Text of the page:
China’s export and import data for
October has cheered investors. Falling for the third consecutive month, the worst run since 2016, Chinese exports declined 0.9% year over year in October against analysts’ expectations of a fall of 3.9%, per a Reuters’ poll. The metric also compares favorably with September’s 3.2% slump. Per a Wall Street Journal’s report, China witnessed improved export levels to emerging markets and the European Union (read: ETFs in Focus as China's GDP Nears 30-Year Low Level).
Meanwhile, China’s import levels in
October declined for the sixth straight month by 6.4% year over year in comparison to analysts’ expectations of an 8.9% year-over-year decline. The metric also compares favorably with September’s 8.5% fall. Thus, China reported a trade surplus of $42.81 billion in October against analysts’ projections of a surplus of $40.83 billion. What’s Causing the Slump?
Trade war tensions with the United States have been quite damaging for China’s economy. Notably,
China’s exports to the United States fell 11.3% year over year to $347.8 billion in the January-October 2019 period. Moreover, Chinese imports from the United States contracted 25.4% year over year for the same period to $100 billion. Also, China’s trade surplus with the United States was $26.42 billion in October against $25.88 billion in September.
Weakening domestic market due to
softening consumption, disappointing investment levels and unsatisfactory global commodity prices have been hurting China’s import levels. Moreover, the country witnessed a drop in imports of iron ore and copper. Is There Any Silver Lining?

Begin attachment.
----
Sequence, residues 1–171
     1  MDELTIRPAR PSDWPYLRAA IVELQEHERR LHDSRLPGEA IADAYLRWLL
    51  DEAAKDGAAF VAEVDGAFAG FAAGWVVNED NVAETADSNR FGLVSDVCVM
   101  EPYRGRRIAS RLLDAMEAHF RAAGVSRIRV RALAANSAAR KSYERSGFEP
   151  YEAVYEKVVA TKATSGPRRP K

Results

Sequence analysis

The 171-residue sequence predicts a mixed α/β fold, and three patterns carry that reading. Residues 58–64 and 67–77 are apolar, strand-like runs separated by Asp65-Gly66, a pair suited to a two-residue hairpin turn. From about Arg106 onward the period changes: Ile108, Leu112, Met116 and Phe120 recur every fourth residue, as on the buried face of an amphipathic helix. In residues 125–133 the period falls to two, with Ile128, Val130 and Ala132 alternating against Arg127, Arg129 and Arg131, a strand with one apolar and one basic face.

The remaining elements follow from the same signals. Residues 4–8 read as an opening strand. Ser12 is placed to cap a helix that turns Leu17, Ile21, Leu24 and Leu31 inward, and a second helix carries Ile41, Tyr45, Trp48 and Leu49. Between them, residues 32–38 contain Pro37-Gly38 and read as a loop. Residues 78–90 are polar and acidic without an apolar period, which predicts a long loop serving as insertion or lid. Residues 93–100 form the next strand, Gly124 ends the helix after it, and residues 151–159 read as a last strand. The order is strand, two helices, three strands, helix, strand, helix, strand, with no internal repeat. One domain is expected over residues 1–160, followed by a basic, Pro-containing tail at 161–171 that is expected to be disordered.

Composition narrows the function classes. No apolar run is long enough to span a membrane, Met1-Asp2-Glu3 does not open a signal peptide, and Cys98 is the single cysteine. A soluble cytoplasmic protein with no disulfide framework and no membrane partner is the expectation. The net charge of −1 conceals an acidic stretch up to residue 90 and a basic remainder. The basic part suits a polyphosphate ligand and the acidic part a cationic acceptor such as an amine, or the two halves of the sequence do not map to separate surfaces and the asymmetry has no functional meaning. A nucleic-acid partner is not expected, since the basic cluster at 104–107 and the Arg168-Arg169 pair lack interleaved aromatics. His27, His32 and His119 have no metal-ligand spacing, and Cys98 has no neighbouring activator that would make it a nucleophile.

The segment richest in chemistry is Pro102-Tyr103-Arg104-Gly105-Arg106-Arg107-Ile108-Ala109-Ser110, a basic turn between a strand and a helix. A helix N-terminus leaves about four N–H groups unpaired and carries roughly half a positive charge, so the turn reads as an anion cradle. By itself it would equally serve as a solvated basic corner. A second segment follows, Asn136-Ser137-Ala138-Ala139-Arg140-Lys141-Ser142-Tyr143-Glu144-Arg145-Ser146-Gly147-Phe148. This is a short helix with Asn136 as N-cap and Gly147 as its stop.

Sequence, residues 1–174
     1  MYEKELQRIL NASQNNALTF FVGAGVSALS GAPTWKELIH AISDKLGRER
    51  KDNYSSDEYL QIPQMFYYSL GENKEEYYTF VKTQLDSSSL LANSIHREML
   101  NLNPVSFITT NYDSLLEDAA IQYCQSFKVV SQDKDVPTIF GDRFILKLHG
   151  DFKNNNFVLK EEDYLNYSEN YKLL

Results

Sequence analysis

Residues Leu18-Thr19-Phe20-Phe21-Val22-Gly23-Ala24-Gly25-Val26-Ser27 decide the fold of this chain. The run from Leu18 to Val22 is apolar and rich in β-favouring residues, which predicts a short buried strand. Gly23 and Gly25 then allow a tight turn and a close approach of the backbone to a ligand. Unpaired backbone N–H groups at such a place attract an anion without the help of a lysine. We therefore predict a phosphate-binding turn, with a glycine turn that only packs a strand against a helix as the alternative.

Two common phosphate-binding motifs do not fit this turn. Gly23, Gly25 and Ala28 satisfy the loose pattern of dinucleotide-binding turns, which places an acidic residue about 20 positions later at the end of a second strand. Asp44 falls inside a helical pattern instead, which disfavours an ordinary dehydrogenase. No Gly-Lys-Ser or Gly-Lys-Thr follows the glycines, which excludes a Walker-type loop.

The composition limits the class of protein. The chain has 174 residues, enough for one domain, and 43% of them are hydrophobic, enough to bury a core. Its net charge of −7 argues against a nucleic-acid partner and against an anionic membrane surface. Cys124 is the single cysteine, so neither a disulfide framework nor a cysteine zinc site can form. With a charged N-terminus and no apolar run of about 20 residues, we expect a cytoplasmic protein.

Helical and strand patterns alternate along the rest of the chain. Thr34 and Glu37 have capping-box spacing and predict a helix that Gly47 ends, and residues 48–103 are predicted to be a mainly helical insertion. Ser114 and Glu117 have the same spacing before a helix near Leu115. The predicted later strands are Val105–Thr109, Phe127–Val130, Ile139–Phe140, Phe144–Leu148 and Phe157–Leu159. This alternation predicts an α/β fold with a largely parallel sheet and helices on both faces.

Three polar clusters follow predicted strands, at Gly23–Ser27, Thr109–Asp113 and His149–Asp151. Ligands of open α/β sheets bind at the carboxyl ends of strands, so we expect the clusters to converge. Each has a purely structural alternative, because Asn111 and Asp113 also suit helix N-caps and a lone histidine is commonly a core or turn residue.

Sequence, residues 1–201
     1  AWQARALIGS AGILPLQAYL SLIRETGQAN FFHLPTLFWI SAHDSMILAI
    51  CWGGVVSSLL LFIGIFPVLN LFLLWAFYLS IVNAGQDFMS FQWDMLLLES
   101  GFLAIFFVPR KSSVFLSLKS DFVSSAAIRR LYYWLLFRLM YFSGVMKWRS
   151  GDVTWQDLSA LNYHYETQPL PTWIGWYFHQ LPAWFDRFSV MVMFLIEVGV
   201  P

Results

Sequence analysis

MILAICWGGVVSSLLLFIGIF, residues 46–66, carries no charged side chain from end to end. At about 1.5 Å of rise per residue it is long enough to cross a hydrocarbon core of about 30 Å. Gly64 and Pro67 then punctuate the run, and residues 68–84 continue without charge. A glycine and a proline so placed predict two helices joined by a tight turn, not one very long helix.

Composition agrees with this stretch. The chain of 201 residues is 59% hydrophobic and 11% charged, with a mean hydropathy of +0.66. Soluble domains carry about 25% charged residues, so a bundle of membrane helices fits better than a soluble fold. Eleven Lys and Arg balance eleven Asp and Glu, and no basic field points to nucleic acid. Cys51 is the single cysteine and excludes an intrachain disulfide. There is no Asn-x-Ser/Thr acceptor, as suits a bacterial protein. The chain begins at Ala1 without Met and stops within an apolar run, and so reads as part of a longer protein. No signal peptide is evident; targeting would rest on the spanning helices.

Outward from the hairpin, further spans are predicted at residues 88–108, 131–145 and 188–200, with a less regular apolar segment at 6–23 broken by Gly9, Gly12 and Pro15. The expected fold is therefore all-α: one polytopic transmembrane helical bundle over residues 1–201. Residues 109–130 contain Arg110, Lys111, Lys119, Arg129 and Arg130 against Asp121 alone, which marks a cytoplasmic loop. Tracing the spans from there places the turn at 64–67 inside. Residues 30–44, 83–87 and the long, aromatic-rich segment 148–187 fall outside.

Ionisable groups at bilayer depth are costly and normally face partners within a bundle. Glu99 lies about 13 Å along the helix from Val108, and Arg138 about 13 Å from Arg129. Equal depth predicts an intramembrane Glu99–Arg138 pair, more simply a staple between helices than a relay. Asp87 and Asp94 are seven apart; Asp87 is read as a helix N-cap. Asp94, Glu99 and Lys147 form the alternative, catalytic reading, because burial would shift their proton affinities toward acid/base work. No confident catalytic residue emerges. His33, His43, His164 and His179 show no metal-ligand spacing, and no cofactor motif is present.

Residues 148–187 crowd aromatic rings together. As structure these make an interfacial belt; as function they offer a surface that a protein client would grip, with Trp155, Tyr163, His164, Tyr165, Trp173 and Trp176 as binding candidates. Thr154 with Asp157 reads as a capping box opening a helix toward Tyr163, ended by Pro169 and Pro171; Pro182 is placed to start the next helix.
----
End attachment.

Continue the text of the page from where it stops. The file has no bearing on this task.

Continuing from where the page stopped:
China’s commerce ministry, represented by Gao Feng, recently expressed both countries' readiness to roll back the tariffs in phases. However, the Chinese government body did not specify any timeline. Moreover, it is being speculated that
Beijing is contemplating the removal of restrictions on U.S. poultry imports. Also, the buzz is that United States might scrap the scheduled Dec 15 tariffs on around $156 billion worth of Chinese imports, covering cell phones, laptop computers and toys. However, analysts are of the opinion that any trade deal between the world’s largest economies might not be beneficial for Beijing on an immediate basis (read: Phase 1 Trade Deal or Not: ETFs to Ride the Trend).
Meanwhile, China’s central bank is taking measures to boost
credit. Recently, the People’s Bank of China slashed the interest rate on its one-year medium-term lending facility loans for the first time since early 2016. ETFs in Focus
Against this backdrop, investors can keep a tab on a few China ETFs like
iShares China Large-Cap ETF FXI, iShares MSCI China ETF MCHI, Xtrackers Harvest CSI 300 China A-Shares ETF ( ASHR Quick Quote ASHR - Free Report) and Invesco Golden Dragon China ETF PGJ. FXI
This fund seeks long-term growth by tracking the investment returns, before fees and expenses, of the FTSE China 50 Index. It comprises 50 holdings. The fund’s AUM is $4.60 billion and expense ratio is 0.74% (read:
ETFs in Focus as US Imposes New Tariffs on Structural Steel). MCHI
This fund tracks the MSCI China Index. It comprises 461 holdings. The fund’s AUM is $4.09 billion and expense ratio is 0.59% (read:
China's Factory Activity Data Disappoints Again: ETFs in Focus). ASHR
This fund tracks the CSI 300 Index. It comprises 301 holdings. The fund’s AUM is $1.77 billion and expense ratio is 0.65% (read:
Should You Buy China ETFs Now?). PGJ
This fund follows the NASDAQ Golden Dragon China Index, which offers exposure to the U.S. exchange-listed companies that are headquartered or incorporated in the People’s Republic of China. It holds a basket of 66 stocks. The product has AUM of $192 million and charges 70 bps in annual fees (read:
Dump Slowdown Fear, Bet on These China ETFs). Want key ETF info delivered straight to your inbox?
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